* a few things kept coming up again and again from people in attendance and people outside the show. One was what seemed an alarming distance from the show by a lot of local comics-makers and cartoonists. Even at MoCCA, as battered as that show has been, those who chose not to attend this year's version at least seemed aware it was going on. I'm not sure everyone I talked to in Portland really did; I know that two people that came out to see me at the show, comics readers, didn't even know why I was coming to town until I told them. Another thing that came up was the idea that people either wanted to make Stumptown too mainstream-y or too weird and artsy, a complaint whose direction depended on the orientation of the person to whom you spoke. The other, and this was a repetitive drumbeat of an old horror-comic story variety, the kind that could drive you mad, was that a bunch of people felt the show was marketed and promoted in ways that could be vastly improved.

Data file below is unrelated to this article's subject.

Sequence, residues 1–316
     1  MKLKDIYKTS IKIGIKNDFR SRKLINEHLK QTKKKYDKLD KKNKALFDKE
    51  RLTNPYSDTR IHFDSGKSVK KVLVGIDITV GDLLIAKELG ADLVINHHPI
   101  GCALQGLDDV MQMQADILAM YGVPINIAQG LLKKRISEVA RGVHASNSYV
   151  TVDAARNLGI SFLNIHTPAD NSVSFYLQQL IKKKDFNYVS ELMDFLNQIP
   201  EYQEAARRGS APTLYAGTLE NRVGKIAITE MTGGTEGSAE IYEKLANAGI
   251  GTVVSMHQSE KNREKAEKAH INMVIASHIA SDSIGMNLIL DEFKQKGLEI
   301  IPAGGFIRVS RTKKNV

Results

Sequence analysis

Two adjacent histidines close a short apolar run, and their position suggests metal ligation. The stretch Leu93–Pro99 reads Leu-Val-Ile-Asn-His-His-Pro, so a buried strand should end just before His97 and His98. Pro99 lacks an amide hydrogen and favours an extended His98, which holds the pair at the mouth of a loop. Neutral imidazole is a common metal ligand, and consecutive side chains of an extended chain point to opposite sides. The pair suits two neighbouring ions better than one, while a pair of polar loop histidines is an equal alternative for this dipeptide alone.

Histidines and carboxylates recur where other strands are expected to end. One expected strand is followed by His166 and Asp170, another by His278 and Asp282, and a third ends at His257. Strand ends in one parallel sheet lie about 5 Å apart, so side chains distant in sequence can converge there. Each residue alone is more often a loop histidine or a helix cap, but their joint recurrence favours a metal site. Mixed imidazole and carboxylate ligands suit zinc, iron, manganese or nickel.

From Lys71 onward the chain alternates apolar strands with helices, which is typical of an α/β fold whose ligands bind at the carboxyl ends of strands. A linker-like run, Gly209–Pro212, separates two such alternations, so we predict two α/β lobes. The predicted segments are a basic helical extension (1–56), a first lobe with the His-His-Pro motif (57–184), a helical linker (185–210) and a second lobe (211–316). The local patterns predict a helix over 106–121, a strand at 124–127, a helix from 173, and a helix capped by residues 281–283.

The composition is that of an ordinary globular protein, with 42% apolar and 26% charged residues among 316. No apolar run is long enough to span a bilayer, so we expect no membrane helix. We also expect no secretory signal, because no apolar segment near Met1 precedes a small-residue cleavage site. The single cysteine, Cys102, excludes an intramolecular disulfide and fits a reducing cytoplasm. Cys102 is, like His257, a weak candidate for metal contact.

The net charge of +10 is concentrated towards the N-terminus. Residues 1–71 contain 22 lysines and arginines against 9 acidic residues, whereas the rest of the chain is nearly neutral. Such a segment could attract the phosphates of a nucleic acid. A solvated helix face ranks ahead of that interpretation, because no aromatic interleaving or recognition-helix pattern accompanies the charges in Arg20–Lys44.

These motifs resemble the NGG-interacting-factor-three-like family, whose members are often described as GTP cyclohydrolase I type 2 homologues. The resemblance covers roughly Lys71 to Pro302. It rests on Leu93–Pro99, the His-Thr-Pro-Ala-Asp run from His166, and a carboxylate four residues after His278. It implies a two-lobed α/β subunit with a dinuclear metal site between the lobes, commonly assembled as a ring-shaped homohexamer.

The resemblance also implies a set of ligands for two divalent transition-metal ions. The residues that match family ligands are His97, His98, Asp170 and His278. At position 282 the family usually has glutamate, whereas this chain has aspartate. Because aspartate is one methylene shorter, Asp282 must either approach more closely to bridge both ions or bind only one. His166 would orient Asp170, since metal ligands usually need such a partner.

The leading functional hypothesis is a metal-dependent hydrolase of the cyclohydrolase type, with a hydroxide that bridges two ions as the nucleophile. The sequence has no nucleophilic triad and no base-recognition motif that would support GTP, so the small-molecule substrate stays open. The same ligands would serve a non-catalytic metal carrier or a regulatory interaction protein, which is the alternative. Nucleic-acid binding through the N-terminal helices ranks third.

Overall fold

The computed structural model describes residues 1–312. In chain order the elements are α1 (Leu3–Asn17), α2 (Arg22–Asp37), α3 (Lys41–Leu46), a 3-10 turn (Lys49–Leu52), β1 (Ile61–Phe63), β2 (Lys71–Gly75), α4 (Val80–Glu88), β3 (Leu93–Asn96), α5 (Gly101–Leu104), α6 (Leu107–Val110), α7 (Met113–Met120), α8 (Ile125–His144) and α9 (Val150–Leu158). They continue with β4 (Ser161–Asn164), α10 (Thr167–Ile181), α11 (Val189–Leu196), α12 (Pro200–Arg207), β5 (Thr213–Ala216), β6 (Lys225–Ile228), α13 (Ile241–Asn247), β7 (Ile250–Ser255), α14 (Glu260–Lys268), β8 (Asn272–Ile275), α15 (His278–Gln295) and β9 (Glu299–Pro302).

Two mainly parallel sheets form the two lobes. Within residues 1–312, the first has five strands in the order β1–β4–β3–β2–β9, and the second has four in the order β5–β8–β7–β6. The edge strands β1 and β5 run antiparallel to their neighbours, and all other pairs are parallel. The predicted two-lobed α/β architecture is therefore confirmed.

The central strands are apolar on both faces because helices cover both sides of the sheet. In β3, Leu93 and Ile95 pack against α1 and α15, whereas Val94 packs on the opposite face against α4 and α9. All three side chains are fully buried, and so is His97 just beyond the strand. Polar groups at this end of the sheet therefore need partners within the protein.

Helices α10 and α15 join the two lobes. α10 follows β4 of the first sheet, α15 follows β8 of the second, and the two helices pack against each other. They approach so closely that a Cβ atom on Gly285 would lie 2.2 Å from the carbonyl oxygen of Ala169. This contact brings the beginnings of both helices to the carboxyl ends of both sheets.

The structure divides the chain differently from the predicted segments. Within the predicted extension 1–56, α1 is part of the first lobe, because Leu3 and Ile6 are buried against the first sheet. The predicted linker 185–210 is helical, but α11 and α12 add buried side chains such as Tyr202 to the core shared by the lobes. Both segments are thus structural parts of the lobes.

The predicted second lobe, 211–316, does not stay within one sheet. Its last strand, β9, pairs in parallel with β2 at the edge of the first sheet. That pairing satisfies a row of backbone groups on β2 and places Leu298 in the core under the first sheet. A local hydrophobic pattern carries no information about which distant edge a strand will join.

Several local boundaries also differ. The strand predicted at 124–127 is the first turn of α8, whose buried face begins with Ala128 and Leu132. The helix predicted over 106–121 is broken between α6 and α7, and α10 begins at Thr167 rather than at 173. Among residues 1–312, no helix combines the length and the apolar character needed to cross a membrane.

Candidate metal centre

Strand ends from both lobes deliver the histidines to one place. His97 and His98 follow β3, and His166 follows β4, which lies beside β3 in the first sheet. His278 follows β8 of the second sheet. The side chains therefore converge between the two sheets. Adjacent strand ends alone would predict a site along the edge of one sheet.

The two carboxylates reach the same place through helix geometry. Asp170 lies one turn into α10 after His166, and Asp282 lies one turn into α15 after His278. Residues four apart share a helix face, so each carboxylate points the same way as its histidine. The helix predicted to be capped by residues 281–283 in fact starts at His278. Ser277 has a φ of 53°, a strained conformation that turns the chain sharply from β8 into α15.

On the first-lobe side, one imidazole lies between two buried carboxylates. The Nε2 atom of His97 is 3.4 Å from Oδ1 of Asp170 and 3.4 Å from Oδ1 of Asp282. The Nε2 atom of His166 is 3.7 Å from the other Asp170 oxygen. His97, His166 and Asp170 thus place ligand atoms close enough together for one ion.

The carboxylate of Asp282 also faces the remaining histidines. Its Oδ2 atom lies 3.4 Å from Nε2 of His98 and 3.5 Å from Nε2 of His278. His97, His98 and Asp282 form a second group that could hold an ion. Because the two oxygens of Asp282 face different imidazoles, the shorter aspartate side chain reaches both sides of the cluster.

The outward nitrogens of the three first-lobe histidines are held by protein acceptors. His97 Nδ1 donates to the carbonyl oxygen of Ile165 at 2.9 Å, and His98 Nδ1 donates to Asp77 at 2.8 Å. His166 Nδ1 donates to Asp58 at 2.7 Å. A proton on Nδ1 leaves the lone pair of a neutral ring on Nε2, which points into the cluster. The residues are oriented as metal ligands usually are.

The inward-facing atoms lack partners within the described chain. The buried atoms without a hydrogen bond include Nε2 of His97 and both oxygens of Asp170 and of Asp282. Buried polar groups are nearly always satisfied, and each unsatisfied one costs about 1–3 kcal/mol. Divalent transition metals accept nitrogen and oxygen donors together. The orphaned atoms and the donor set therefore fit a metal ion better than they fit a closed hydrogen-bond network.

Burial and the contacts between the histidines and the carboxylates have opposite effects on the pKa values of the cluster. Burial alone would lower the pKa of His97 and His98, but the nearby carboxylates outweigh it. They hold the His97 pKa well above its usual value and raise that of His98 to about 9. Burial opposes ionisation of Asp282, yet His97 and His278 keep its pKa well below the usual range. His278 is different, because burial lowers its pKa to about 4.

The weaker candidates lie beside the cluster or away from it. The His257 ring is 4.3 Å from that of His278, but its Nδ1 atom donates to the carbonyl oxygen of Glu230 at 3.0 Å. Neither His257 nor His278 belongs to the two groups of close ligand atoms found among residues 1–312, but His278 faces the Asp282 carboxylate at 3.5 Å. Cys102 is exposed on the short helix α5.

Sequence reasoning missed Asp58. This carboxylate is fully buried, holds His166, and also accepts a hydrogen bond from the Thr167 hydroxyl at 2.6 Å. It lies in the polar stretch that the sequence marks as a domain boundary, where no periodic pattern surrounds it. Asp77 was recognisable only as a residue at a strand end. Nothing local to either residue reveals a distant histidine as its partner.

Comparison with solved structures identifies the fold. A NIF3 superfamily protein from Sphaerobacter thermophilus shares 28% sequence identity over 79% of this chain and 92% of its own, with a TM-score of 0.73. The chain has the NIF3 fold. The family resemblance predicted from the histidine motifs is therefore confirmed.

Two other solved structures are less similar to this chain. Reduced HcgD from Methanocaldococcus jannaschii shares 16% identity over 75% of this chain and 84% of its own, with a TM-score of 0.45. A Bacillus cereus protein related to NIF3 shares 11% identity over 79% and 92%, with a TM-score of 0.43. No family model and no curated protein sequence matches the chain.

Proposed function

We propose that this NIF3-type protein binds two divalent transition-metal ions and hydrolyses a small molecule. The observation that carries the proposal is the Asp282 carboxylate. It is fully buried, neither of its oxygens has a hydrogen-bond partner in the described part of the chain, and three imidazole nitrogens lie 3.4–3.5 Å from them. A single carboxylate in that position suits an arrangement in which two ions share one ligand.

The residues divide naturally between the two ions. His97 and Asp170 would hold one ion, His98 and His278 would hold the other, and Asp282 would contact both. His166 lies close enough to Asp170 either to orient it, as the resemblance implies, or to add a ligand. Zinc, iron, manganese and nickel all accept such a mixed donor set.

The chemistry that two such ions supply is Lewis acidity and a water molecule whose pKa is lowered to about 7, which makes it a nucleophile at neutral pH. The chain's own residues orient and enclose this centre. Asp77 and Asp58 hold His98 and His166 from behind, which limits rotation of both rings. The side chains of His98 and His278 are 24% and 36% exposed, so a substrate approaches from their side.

* let's talk more about that last one. PR complaints in comics are tough, for a lot of reasons. One is that you can kind of google around and find a couple of people in charge of this, so you're not really criticizing a strategy as much as maybe also being critical of people directly. That's always tough. I can say that despite the saturation of complaining, I liked the people from Stumptown with whom I worked directly. Another reason PR criticism can be prickly is that people often confuse marketing and PR -- how you orient a product in the marketplace and how you drive attention to that product. A lot of times if the show is unfocused or doesn't have a strong identity, all of the publicity skill in the world will make little difference. Still another hitch is that many people have an unsophisticated view of what PR can do to the point that's it's almost treated like a magic spell by which showers and waves of attention fall on things, with money to follow. Finally, there's the fact that most people process how these things work squarely within their own interests: when someone says they don't feel the show was effectively promoted, this is probably less an abstract theorization than a gut feeling that they themselves were not effectively promoted. It's human nature.